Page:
Explainer: What is Hungary doing in the Organisation of Turkic States?

Hungary is leading European engagement with Turkic nations, with its motives rooted in a nationalist narrative that benefits Hungarian Prime Minister Viktor Orbán. 

In mid-November 2022, the leaders of Azerbaijan, Turkey, Uzbekistan, Kazakhstan, Kyrgyzstan, and Turkmenistan convened in Samarkand for a summit of the Organisation of Turkic States (OTS) -previously known as the Turkic Council.  

These leaders were joined by another head of government not from Central Asia, but from Central Europe: Hungarian Prime Minister Viktor Orbán.  

In what may initially seem like a head-scratching move, Hungary became an OTS observer state in 2018. Since his party, Fidesz, came to power in 2010, Orbán has pursued an “Eastern Opening” policy to promote trade and economic partnerships with Russia, Turkic nations, and South and East Asian countries.  

Orbán’s office says that annual trade between Hungary and OTS states doubled between 2010 and 2019 to four billion US dollars. According to the Hungarian Minister of Foreign Affairs and Trade Péter Szijjártó trade between Hungary and Uzbekistan amounted to 110 million US dollars in 2021 and increased 48 per cent in 2022. Bilateral trade with Kazakhstan has also drastically increased in recent years, and an intergovernmental partnership supports 1,000 Kazakh students studying in Hungary.  

Orbán subscribes to a pseudoscientific cultural movement – Hungarian Turanism – contending Hungarians are descended from Turkic Central Asians. He has called Hungarians “Kipchak Turks,” referring to a medieval confederation of Turkic nomads in the Eurasian Steppe. Hungary Today has reported Orbán as saying, “Hungarians consider themselves late descendants of Attila, of Hun-Turkic origin, and Hungarian is a relative of Turkic languages.”  

Not a Turkic language

Hungary and the Ottoman Empire shared a border for centuries and the Hungarian language picked up some Turkic loan words, but Hungarian is in the Uralic language family and is closer to Finnish and Estonian than any Turkic language. The idea that Huns were Turkic is disputed by most academics.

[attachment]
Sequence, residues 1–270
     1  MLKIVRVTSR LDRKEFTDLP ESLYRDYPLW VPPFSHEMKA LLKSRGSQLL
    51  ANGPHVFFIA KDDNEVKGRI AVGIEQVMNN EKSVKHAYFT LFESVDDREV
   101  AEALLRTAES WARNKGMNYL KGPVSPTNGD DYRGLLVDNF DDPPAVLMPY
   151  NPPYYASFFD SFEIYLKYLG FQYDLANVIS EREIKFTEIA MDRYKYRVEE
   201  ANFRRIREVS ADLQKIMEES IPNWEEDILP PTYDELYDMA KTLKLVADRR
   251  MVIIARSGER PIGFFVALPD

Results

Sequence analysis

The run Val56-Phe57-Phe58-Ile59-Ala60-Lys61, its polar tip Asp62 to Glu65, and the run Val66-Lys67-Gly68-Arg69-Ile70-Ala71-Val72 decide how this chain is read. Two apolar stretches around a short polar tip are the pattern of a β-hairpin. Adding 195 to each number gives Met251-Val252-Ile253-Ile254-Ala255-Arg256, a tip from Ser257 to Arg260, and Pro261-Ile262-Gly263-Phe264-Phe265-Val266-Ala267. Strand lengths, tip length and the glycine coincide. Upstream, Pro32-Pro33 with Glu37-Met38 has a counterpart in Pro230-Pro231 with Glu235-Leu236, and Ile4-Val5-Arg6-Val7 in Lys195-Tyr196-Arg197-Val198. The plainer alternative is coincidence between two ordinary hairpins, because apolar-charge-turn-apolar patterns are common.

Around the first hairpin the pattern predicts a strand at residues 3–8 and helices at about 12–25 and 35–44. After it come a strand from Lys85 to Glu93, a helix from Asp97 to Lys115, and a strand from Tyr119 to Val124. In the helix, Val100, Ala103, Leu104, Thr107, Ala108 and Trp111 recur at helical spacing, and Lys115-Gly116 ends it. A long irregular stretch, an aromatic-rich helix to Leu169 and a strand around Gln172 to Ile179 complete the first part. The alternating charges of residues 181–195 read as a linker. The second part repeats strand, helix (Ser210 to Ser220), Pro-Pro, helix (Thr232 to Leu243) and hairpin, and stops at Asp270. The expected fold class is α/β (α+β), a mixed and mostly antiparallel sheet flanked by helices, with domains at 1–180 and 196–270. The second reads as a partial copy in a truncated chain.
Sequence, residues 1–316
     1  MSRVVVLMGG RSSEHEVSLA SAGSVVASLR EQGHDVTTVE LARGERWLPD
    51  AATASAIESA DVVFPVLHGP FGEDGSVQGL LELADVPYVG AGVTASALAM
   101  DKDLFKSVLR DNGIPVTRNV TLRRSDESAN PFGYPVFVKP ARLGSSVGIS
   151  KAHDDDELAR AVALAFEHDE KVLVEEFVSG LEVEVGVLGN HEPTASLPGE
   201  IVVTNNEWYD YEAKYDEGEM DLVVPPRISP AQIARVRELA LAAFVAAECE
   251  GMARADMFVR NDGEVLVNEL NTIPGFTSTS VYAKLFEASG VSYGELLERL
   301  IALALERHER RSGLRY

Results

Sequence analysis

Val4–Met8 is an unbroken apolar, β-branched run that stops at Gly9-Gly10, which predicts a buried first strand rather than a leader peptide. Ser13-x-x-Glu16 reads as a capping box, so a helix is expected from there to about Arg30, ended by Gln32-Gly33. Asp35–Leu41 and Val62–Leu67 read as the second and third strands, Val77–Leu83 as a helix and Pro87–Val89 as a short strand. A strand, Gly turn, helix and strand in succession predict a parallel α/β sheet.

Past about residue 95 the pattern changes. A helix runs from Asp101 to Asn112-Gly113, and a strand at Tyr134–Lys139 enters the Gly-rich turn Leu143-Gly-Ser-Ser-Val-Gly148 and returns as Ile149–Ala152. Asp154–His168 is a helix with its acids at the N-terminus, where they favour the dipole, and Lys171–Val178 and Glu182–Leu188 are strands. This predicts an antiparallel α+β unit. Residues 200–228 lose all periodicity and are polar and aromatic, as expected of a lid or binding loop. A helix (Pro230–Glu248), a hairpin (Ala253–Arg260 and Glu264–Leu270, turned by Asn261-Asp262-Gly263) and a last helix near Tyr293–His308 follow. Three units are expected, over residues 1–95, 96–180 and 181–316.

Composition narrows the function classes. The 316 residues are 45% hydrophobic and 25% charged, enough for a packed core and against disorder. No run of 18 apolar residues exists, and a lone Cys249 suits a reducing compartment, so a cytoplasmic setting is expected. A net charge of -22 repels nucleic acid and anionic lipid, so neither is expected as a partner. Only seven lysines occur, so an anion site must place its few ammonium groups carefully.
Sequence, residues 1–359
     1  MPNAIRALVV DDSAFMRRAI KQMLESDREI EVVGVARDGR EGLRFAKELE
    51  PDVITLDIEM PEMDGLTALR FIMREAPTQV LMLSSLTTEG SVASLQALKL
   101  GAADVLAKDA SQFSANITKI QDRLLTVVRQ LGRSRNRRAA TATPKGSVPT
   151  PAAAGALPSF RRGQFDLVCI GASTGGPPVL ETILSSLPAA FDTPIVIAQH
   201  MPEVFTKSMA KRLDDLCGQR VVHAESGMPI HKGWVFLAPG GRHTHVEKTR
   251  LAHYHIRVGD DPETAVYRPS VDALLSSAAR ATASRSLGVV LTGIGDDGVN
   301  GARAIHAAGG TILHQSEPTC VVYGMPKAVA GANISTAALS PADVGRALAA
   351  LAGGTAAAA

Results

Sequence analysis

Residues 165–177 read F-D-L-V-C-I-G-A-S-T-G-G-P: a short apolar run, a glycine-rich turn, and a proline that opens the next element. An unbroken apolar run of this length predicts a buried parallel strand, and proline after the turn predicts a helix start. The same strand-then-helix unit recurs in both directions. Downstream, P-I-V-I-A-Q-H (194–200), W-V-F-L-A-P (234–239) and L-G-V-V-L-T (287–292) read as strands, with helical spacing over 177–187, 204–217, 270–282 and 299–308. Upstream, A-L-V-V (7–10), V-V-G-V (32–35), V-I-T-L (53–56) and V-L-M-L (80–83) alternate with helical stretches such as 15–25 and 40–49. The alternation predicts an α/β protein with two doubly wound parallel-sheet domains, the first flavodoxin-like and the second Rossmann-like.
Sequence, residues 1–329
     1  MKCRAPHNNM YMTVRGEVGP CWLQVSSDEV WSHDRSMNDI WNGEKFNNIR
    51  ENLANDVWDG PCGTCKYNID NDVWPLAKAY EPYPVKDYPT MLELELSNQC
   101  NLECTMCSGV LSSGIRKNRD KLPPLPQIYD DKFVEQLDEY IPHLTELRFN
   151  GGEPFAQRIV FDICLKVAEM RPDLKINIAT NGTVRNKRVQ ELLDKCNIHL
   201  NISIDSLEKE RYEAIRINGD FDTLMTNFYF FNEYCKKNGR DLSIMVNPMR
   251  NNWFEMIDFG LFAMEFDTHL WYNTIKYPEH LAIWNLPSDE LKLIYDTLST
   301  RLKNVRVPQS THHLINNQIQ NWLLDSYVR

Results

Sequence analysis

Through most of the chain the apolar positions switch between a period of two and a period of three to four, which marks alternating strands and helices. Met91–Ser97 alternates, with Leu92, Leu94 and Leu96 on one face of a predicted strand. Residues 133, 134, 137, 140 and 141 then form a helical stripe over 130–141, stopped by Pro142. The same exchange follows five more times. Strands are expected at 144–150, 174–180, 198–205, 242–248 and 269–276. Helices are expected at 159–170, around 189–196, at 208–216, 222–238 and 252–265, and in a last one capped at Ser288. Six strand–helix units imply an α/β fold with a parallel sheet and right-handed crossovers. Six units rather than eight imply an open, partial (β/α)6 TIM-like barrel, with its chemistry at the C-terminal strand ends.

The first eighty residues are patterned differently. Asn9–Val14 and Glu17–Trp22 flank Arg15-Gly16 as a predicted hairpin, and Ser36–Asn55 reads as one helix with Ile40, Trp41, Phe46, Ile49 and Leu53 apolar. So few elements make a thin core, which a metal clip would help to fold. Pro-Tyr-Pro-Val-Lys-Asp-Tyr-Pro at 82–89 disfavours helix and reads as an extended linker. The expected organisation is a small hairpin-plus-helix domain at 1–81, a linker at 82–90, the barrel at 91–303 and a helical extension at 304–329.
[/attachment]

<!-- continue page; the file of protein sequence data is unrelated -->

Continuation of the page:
The widely-rejected ethnolinguistic theories shared by Orbán originated in the 18th and 19th centuries. After the World War I, Hungarian Turanism was incorporated into the ideologies of far-right ethnonationalist movements. Many of its proponents synthesised it with fascism and anti-Semitism.  

The Nazi-allied Arrow Cross party, which ruled Hungary for parts of 1944 and 1945 and killed hundreds of thousands of Hungarian Jews, embraced the idea of a Turanian-Hungarian master race. Hungary’s Communist regime suppressed Hungarian Turanism, but its fall prompted a revival. The Great Kurultáj, a yearly meeting of Eurasian horse-riding nomads organised by the Hungarian Turan Fund, has been hosted in Bugac, Hungary, since 2008. Both Fidesz and Jobbik, a large right-wing opposition party, promote Turanism. 

Orbán has referred to Hungary as “Christian Turkish lands”. Péter Balogh, a professor at Eötvös Loránd University in Budapest, characterises Orbán’s approach to Hungarian identity as a fusion of Turanism and the notion that Hungary is a Christian bulwark that portrays the country as “a bridgehead linking East and West.” László Kövér, a founding member of Fidesz and the current speaker of the National Assembly, said, “Hungarians are the westernmost people from the East and will never forget their Eastern brethren.” 

A Eurasianist approach

This Eurasianist ideological approach legitimises Orbán’s frequent clashes with Brussels and his friendly relationships with Russian President Vladimir Putin and Turkish President Recep Tayyip Erdoğan. Orbán’s administration has pursued a foreign policy and trade strategy that aligns with their ideological centering of Hungary as a link between Western liberalism and Eastern illiberalism.  

As the EU has sought to condemn Russia’s attack on Ukraine and Turkey’s attacks on Kurds in northeast Syria, Orbán has resisted their retaliatory measures.

By the time the European Parliament had overwhelmingly adopted a report characterising Hungary as a “hybrid regime of electoral autocracy” rather than a full democracy, Orbán was able to shrug the criticism off as a “boring joke” in part because of his efforts to de-emphasise the importance of Brussels’s liberalism while normalising illiberalism. 

Where many European countries do not even retain embassies in Central Asia, Hungary has emerged as a leader of European engagement with the region. Trade and educational exchange with OTS members will benefit everybody, but as other EU countries increase their engagement with Central Asia, they would do well to avoid embracing its illiberalism too closely. 

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